Over half of teachers have experienced or witnessed hate crime in the last two years, with nearly two thirds saying the issue was not addressed satisfactorily, a Conference organised by The Teachers’ Union- NASUWT Scotland, has heard.
Teachers at the packed Conference, held today (Saturday) in Glasgow, said that more needs to be done to address discrimination and prejudice within schools.
A real-time electronic poll of teachers attending the Conference found that:
- over half (52%) said they had experienced or witnessed hate crime in the last two years. Almost two thirds (65%) of those said the issue was not resolved satisfactorily;
- over half (51%) said they had not been offered any equality awareness training in the last two years. Only 21% said they had undertaken any such training;
- 89% said they had not received any training on LGBTI issues in the last year, despite the development of a strategy designed by the Scottish Government to offer support and training for all schools and colleges;
- nearly half (47%) said they have had no training on the Prevent Strategy which is designed to prevent young people becoming involved in terrorism. Over a third said they were not aware of the Prevent strategy;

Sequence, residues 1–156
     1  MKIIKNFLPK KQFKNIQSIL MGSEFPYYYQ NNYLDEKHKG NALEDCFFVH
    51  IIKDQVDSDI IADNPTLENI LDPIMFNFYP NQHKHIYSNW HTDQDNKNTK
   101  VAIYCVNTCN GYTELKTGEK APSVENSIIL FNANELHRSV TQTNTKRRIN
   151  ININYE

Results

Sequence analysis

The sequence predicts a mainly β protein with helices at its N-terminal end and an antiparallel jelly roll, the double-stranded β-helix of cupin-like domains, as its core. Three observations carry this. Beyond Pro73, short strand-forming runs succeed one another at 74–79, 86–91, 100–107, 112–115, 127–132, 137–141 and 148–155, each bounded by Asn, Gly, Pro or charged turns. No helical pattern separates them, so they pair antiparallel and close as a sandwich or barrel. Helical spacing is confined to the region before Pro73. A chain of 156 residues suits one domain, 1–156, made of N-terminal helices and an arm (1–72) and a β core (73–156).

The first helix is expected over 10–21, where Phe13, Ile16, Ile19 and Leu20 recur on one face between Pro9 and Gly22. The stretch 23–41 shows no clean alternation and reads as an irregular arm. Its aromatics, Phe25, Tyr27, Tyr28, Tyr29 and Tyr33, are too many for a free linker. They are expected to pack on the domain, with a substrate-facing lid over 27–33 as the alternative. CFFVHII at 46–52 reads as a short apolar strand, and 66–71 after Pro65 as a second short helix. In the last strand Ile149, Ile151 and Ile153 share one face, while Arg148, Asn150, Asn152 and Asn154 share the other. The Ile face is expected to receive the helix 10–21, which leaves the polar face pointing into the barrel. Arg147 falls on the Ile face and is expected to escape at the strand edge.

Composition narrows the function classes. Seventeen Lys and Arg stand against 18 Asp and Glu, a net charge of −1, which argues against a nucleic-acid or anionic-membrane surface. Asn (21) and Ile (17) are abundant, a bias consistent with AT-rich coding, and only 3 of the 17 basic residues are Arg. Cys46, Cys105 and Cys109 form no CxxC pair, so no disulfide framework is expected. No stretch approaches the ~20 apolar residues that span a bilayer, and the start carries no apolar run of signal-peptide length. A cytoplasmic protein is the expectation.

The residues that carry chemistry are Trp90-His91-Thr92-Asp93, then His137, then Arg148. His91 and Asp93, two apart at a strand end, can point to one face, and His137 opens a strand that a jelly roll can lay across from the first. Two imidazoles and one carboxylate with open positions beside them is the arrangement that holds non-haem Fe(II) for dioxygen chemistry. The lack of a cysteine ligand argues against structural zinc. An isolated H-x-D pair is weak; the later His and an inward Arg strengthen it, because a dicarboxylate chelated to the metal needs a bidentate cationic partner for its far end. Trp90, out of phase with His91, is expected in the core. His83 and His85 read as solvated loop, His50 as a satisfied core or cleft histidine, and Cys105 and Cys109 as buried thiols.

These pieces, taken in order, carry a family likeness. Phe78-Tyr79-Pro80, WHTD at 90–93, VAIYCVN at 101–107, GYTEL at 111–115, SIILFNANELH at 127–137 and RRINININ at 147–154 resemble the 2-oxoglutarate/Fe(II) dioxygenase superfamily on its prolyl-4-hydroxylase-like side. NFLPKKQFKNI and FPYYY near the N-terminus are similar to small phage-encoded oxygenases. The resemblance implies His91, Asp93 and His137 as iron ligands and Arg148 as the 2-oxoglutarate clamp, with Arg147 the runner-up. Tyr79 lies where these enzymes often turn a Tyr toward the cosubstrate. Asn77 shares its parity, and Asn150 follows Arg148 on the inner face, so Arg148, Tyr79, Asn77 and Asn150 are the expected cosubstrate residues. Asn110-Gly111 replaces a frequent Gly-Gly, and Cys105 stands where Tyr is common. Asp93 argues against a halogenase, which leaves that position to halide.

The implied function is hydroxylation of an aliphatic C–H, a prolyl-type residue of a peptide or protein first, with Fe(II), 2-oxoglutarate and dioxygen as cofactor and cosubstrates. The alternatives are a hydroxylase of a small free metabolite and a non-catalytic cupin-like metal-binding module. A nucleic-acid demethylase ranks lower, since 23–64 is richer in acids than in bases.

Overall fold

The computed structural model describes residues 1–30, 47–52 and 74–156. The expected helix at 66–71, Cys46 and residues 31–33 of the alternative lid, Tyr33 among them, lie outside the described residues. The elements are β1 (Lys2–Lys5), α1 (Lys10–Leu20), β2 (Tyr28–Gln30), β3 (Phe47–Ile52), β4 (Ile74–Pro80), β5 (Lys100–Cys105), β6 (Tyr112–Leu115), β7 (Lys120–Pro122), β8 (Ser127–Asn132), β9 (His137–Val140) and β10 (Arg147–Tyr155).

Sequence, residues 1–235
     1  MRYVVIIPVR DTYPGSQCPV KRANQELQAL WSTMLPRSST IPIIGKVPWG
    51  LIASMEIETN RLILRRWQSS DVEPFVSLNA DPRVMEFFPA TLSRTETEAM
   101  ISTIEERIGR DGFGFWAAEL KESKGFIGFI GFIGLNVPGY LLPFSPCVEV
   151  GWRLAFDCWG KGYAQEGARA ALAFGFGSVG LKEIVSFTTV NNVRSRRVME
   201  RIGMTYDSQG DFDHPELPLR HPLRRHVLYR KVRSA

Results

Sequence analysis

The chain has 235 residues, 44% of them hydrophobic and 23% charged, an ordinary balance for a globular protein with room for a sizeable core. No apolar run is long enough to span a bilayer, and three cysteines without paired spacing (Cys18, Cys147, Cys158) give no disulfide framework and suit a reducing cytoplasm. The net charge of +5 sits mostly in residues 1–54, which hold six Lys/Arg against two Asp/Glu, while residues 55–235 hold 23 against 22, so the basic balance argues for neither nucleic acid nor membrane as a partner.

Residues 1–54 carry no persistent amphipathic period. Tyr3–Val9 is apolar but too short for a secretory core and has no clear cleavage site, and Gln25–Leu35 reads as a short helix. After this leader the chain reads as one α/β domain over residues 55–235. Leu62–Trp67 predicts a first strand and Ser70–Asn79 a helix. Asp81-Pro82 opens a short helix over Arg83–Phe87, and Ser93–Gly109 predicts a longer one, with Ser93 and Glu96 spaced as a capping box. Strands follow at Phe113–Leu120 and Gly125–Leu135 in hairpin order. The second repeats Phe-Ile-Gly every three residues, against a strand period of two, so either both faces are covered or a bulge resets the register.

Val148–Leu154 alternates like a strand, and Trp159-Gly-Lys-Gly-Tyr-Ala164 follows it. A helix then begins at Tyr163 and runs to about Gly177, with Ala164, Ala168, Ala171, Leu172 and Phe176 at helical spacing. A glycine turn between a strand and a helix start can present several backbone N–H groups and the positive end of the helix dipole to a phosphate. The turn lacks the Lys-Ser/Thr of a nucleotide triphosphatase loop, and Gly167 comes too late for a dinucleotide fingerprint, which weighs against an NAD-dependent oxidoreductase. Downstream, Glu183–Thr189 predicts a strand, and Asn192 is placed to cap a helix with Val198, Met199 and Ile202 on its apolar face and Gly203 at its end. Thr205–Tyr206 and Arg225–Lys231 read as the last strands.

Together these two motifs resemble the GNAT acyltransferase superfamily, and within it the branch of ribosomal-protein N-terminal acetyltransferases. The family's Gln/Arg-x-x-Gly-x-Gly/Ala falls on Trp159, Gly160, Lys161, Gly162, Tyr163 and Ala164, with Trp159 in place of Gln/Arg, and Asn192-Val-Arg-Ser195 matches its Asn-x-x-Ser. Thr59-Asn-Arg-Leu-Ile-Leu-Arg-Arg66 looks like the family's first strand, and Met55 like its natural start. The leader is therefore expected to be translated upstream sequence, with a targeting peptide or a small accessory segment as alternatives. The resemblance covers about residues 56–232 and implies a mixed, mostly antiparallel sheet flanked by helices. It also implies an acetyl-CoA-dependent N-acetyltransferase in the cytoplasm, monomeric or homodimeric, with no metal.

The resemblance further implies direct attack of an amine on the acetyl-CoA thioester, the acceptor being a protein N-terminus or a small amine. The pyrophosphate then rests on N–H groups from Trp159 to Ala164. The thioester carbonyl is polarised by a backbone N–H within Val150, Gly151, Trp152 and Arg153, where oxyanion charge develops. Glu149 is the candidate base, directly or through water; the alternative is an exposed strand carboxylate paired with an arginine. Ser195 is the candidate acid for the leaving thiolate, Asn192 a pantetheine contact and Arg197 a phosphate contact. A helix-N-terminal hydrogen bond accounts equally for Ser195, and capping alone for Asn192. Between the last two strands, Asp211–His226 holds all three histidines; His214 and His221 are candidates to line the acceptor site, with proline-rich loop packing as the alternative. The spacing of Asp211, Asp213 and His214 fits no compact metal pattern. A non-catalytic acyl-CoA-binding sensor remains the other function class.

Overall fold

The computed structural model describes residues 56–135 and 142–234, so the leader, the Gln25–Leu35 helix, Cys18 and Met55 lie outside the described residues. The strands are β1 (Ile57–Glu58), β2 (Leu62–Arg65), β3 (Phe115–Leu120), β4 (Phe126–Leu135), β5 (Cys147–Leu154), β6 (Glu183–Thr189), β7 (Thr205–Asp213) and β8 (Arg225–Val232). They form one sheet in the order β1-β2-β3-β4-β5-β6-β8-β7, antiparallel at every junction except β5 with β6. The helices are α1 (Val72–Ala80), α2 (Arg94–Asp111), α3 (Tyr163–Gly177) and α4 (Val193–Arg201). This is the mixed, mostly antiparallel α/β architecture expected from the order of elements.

- only 22% said their school has a strategy in place to ‘poverty proof’ the school day to ensure that children do not miss out on educational entitlements due to cost.
Chris Keates, General Secretary of the NASUWT, who addressed the Conference, said:
“Today’s feedback from teachers confirms what the NASUWT has found through casework and research, that there is a woeful failure by government and employers to take equality issues seriously.
“Particularly concerning is the appalling level of hate crime being experienced and the failure to deal with these incidents effectively.
“The NASUWT has already called upon the Scottish Government to introduce a duty on schools to record and monitor incidents of hate crime to identify the scale of the issue and to put in place robust measures to address it.
“Schools have a vital role to play in promoting social cohesion and the development of safe, inclusive and tolerant communities.
“Teachers and school leaders are not being given the training and support they need and too many employers are at best only paying lip service to equalities, doing little in practice to address discrimination and prejudice.
“Our education service should be inclusive, promoting and demonstrating tolerance, respect and understanding in an environment where everyone can work and learn free from abuse and fear. This is crucial to achieving educational excellence for all.”
Jane Peckham, NASUWT National Official Scotland, said:
“It is clear that schools and employers need to take their responsibilities for tackling inequality much more seriously.
“Frameworks, policies and plans from Government are all very well, but meaningless unless their implementation is supported, resourced and monitored.”